On the contrary, patients with higher body mass index (BMI) often have issues of airway resistance, restrictive/obstructive ventilatory patterns, hypoxia, and respiratory failure [45]. In this context, worsening of the disease and prolonged LOS is anticipated. These patients need to be closely monitored and work in conjunction with a nutritionist to address the high BMI [46]. Obesity as a risk factor for hospitalization during the COVID-19 pandemic was described by Bellini, et al. Using the Istituto Superiore di Sanita Tuscany COVID-19 database, the authors conducted an observational study evaluating the role of obesity as a risk factor hospitalization during the COVID-19 pandemic [47]. Of the 4481 subjects included in their cohort (36.9% aged over 70 years), 1907(42.6%) were admitted to the hospital, and the association of obesity higher for hospitalized patients (OR: 2.99(ci 95% 2.04-4.37)) [47]. Based on the data mentioned earlier, BMI and nutrition status must be addressed in an outpatient setting upon hospital discharge. Optimal nutrients’ intake is emphasized for the optimal immune function to protect against viral infections, especially during the COVID-19 pandemic [48]. Nutritional deficiencies are common in cancer patients undergoing chemotherapy and various procedures, and providers should have an open dialogue with patients in addressing these [49].

End of life decisions and trends in aggressive treat-ments for terminally ill patients

The use of palliative care in outpatient and inpatient settings is crucial in cancer patients [50,51]. Previous studies reported disparities in end-of-life decisions across multiple cancers. Rosenfield, et al. reported disparities in inpatient palliative care use in patients with gynecologic cancers. In a nationwide inpatient sample of 67,947 patients, the authors evaluated the factors associated with the use of inpatient palliative care. While the use of palliative care was increased from 2% to 10% in 2011, in a subset analysis, only 23% of patients who died in the hospital used palliative care. The demographic factors of patients who received palliative care included, older adults (age ⥸ 63 median, odds ratio (OR) = 1.52, 95% confidence interval (CI): 1.36-1.70; p < 0.0001), and black race (OR = 1.22, CI: 1.08-1.39; p < 0.01) [50]. In a separate National Cancer Database (NCDB) study, Islam, et al. analyzed the racial and ethnic disparities in palliative care use among gynecologic patients. The authors reported an overall increase of palliative care use from 2004 (4%) to 2015(13%), non-Hispanic (NH) blacks (aOR: 0.87, 95% CI: 0.78-0.97) and Hispanic patients (aOR: 0.77, 95% CI: 0.66-0.91) were less likely to utilize palliative care compared to NH-White patients [51]. Outcomes of aggressive treatments at the end of life are associated with low quality of life and higher toxicity rates without incremental survival benefit [52-54]. Chemotherapy administration in the last 14 days of life, admission to the intensive care units in the last 30 days of life, and lack of enrollment to hospice care are defined as poor quality of cancer care leading to avoidable extended hospitalizations [55,56]. A continued emphasis on end of life treatment decisions early on in the disease course will avoid toxic treatments and promote a symptom based comfort measures.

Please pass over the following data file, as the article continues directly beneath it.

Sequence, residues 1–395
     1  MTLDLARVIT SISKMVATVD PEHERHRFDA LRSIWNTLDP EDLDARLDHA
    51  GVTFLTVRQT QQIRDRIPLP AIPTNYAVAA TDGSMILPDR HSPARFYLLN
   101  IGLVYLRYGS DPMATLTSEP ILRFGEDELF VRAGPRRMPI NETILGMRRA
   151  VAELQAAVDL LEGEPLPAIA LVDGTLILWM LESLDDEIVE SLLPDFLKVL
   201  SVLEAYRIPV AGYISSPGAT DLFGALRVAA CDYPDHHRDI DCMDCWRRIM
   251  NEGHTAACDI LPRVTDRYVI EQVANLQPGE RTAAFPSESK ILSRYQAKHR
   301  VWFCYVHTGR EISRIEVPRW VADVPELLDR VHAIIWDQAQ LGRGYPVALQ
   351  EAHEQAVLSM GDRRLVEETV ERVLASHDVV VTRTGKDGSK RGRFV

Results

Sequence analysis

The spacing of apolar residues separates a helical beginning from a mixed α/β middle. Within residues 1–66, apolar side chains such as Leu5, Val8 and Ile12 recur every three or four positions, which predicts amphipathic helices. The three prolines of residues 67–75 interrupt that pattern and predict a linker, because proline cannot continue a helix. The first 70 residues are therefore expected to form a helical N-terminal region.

Challenges and novel approaches of inpatient care during the COVID-19 pandemic

A novel coronavirus named SARS-CoV-2 of a zoonotic origin emerged in 2019 and the infection called Coronavirus Diseases 2019 (COVID-19) started spreading worldwide. In March 2020 COVID-19 was classified as a pandemic with rapidly increasing number of cases worldwide. Cancer patients are at a heightened risk of complications with the SARS-CoV-2 infection due immunosuppression related to underlying cancer and its treatment [57]. While we saw several guidelines put forth by various professional societies, all guidelines had in common a recommendation to defer or delay all non-emergent therapies, restrict visitors and caregivers, pre-treatment COVID testing and significant reduction of face-to-face encounters with patients. The main drivers for these guidelines, especially in the beginning phases of the pandemic put immense pressure on the health care system; with rapid saturation of capacity and limited testing ability, need to preserve personal protective equipment, concerns for potential nosocomial spread of COVID-19, uncertainty of natural history of COVID-19 infection among immune-compromised patients and uncertainty of risk of COVID-19 complications. The aforementioned aspects of evolving strains amidst the pandemic were especially intensified in patients who required chemotherapy. The actual incidence of inpatient transmission of COVID is unknown but the availability of PPE, hospital infection control policies conceivably help further diminish the risk of in-hospital transmission [58-61]. Social distancing, routine masking, PPE use and hand washing are norms in the mana-gement of immunocompromised patients even from the pre-COVID-19 era. Additionally, stringent visitation policies were implemented with adaptation of use of technology such as telehealth, virtual platforms for communications with the patients [56,62]. In devising treatment strategies for patients with cancer, state of community spread, hospital infection control policy and personalized risk and benefit assessment proved to be important determinants. Overall, the traditional face to face to patient -physician interactions are changing with increasing use of telehealth, use of artificial intelligence in diagnosis and treatment and home monitoring. Some aspects of digitalized health care delivery are here to stay such as virtual visits for chronic medical conditions could be convenient for patients without compromising the quality of care.